A variety of bacterial ligands and receptors control the responses of regulatory T cells (Tregs) that maintain tolerance of the gut’s immune system for commensal GI microflora.7 The key contribution of FoxP3+ Tregs to the homeostasis of the GI mucosal immune system is now well established in multiple mammalian species, including humans. Tregs condition stem cells in a number of microenvironments, and in the bone marrow they co-localize with hematopoietic stem cells to facilitate their protective effects.8 Tregs can convert effector T cells into Tregs by modulating the function of antigen-presenting cells, and in in vivo model systems, the adoptive transfer of donor Tregs has been shown both to protect HCT recipients from lethal GVHD and to improve immune reconstitution.9 Initial clinical trials of haploidentical HCT appear to confirm these findings in humans. With Treg-enriched donor lymphocytes as the sole prophylaxis for GVHD, only two of 28 patients developed clinically significant acute GVHD, even though large numbers of conventional T cells were co-transplanted with CD34-selected donor stem cells.10 Non-hematopoietic antigen-presenting cells in the GI tract may also be important participants in this process because they can potently stimulate alloreactive T cells and induce lethal GVHD.11 Prevention of GVHD in the GI tract may also be attributable to the capacity of Tregs to impede the migration of conventional T cells. Functional expression of chemokine (C-C motif) receptor 5 (CCR5) is required for donor effector lymphocytes to home to the GI tract and liver and cause acute GVHD. In a phase II trial involving high-risk patients, blockade of CCR5 with maraviroc for the first 30 days after HCT resulted in a 29 percent incidence of grade II-IV acute GVHD in the skin compared with an 8.8 percent incidence in the GI tract and the liver.12

Our understanding of acute GVHD of the GI tract has rapidly advanced during the last several years. Experimental systems have illuminated unexpected relationships between both the innate and adaptive arms of the GI mucosal immune system and the GI microbiota that influence the development of GVHD. Increased understanding of the complex interactions among different classes of antigen-presenting cells, including Tregs and effector T cells, and their trafficking characteristics has suggested new therapeutic strategies, now in early-phase clinical trials, that do not rely on traditional, non-specific immunosuppressants. The discovery of important predictive and prognostic biomarkers may soon provide an approach to personalization of therapy according to an individual patient’s risk of developing acute GVHD. Such advances are likely to improve outcome broadly by making allogeneic HCT safer and more effective.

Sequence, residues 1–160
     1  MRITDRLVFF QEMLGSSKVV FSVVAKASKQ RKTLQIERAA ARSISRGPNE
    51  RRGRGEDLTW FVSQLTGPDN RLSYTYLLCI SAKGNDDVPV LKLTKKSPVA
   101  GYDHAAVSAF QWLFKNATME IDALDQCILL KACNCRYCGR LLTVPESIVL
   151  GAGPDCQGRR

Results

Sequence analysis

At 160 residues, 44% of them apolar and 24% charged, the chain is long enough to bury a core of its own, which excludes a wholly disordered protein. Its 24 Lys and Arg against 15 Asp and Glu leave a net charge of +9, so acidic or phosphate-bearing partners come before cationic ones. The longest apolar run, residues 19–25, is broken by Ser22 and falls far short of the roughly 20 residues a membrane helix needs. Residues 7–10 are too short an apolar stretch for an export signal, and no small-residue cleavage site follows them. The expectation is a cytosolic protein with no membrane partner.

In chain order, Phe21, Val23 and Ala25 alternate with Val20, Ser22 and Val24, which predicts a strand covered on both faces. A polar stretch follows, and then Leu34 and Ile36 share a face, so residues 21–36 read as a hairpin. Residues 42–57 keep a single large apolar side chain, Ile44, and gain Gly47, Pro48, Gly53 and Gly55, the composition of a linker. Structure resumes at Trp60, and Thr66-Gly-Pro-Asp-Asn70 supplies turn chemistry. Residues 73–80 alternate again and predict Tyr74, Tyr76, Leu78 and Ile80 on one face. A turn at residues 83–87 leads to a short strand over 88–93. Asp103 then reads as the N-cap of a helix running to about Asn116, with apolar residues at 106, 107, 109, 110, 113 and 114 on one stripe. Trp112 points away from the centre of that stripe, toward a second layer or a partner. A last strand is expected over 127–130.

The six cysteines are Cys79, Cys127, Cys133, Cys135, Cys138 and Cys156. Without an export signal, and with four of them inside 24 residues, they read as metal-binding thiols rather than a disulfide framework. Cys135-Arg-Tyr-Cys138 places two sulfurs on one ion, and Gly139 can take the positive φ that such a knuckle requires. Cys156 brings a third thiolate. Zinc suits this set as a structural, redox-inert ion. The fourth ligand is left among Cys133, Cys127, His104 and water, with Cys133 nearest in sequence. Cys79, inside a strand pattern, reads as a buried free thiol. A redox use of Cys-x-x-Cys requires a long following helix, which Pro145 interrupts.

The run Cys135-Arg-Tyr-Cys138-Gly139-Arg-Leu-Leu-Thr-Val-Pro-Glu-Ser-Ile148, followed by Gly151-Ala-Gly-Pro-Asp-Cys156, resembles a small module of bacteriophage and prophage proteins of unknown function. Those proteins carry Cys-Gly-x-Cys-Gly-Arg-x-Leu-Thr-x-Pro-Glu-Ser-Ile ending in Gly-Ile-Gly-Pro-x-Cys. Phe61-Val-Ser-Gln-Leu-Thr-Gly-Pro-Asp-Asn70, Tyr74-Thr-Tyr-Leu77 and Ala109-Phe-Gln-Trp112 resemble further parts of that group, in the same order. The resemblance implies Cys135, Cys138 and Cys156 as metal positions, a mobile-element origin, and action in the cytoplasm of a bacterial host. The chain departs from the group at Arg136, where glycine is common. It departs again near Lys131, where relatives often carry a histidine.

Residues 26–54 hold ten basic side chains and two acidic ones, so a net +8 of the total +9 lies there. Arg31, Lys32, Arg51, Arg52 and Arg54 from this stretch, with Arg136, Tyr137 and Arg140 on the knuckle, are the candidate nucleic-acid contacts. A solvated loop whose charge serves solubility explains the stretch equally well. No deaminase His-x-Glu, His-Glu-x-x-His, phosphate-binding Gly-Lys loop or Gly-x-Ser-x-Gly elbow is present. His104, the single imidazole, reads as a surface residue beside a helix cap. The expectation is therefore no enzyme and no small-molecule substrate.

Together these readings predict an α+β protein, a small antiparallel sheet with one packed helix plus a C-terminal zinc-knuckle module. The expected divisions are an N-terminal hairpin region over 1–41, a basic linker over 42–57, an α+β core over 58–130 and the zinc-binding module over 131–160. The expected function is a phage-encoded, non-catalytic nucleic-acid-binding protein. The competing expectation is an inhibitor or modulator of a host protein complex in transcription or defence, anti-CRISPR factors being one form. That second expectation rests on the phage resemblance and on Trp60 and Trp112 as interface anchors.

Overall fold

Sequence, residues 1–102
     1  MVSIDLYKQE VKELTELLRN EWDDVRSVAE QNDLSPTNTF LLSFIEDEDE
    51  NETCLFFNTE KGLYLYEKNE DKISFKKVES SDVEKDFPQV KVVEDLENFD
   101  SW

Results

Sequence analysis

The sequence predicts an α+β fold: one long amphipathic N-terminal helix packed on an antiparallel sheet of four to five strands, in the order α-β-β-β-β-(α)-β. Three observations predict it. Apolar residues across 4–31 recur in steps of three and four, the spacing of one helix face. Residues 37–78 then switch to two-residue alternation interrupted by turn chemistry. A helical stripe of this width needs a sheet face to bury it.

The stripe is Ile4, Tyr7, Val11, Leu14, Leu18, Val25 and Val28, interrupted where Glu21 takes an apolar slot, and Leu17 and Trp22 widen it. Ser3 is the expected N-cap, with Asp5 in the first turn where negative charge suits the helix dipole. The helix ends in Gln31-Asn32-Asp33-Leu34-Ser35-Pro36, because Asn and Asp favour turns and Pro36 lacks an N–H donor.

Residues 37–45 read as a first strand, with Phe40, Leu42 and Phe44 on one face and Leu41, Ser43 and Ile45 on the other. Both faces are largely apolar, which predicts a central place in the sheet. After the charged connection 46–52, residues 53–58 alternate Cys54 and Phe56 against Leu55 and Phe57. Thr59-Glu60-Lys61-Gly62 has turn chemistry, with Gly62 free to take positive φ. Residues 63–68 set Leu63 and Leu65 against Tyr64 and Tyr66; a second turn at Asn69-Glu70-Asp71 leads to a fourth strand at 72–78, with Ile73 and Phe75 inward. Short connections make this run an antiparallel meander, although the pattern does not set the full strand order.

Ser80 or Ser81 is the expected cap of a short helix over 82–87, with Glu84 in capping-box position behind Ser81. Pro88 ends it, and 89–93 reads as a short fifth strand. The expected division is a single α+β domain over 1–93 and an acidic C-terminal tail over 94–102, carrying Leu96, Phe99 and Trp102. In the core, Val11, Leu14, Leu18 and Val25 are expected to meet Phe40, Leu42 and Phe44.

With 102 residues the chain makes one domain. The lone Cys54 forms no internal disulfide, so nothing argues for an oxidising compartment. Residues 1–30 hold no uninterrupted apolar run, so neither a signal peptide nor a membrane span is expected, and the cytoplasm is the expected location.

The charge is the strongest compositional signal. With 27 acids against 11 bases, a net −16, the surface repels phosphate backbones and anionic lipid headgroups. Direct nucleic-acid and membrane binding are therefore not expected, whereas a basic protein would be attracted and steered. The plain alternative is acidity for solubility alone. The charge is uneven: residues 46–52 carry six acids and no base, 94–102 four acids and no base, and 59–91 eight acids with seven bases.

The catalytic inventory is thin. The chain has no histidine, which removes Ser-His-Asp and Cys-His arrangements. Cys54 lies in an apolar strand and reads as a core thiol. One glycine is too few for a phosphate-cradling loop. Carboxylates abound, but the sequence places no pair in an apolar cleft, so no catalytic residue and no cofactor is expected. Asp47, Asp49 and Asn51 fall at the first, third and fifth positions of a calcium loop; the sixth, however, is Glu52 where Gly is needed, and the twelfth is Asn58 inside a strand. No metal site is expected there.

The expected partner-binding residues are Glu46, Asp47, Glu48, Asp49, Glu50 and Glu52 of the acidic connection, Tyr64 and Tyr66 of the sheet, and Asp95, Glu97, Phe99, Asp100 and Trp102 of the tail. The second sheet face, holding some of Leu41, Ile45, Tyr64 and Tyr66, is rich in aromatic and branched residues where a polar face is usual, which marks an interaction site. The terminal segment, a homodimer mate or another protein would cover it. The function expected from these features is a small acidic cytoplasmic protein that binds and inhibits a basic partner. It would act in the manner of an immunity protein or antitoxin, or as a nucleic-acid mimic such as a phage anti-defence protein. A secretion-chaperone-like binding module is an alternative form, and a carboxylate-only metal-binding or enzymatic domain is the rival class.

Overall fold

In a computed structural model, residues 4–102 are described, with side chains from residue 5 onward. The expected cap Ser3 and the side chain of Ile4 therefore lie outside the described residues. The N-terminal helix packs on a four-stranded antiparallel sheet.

1. Gooley TA, Chien JW, Pergam SA, et al. Reduced mortality after allogeneic hematopoietic-cell transplantation. N Engl J Med. 2010;363:2091-2101.

2. Jagasia M, Arora M, Flowers ME, et al. Risk factors for acute GVHD and survival after hematopoietic cell transplantation. Blood. 2012;119:296-307.

3. Ferrara JL, Harris AC, Greenson JK, et al. Regenerating islet-derived 3-alpha is a biomarker of gastrointestinal graft-versus-host disease. Blood. 2011;118:6702-6708.

4. Levine JE, Logan BR, Wu J, et al. Acute graft-versus-host disease biomarkers measured during therapy can predict treatment outcomes: a Blood and Marrow Transplant Clinical Trials Network study. Blood. 2012;119:3854-3860.

5. Eriguchi Y, Takashima S, Miyake N, et al. Graft-versus-host disease alters intestinal microbial ecology by inhibiting production of enteric defensins. Blood. ASH Annual Meeting Abstracts. 2010;116:244.

6. Jenq RR, Ubeda C, Taur Y, et al. Regulation of intestinal inflammation by microbiota following allogeneic bone marrow transplantation. J Exp Med. 2012;209:903-911.

7. Geuking MB, Cahenzli J, Lawson MA, et al. Intestinal bacterial colonization induces mutualistic regulatory T cell responses. Immunity. 2011;34:794-806.

8. Fujisaki J, Wu J, Carlson AL, et al. In vivo imaging of Treg cells providing immune privilege to the haematopoietic stem-cell niche. Nature. 2011;474:216-219.

9. Koyama M, Kuns RD, Olver SD, et al. Recipient nonhematopoietic antigen-presenting cells are sufficient to induce lethal acute graft-versus-host disease. Nat Med. 2011;18:135-142.

10. Di Ianni M, Falzetti F, Carotti A, et al. Tregs prevent GVHD and promote immune reconstitution in HLA-haploidentical transplantation. Blood. 2011;117: 3921-3928.

11. Edinger M, Hoffmann P. Regulatory T cells in stem cell transplantation: strategies and first clinical experiences. Curr Opin Immunol. 2011;23:679-684.

12. Reshef R, Lugar SM, Hexner EO, et al. Blockade of lymphocyte chemotaxis in visceral graft-versus-host disease. N Engl J Med. 2012;367:135-145.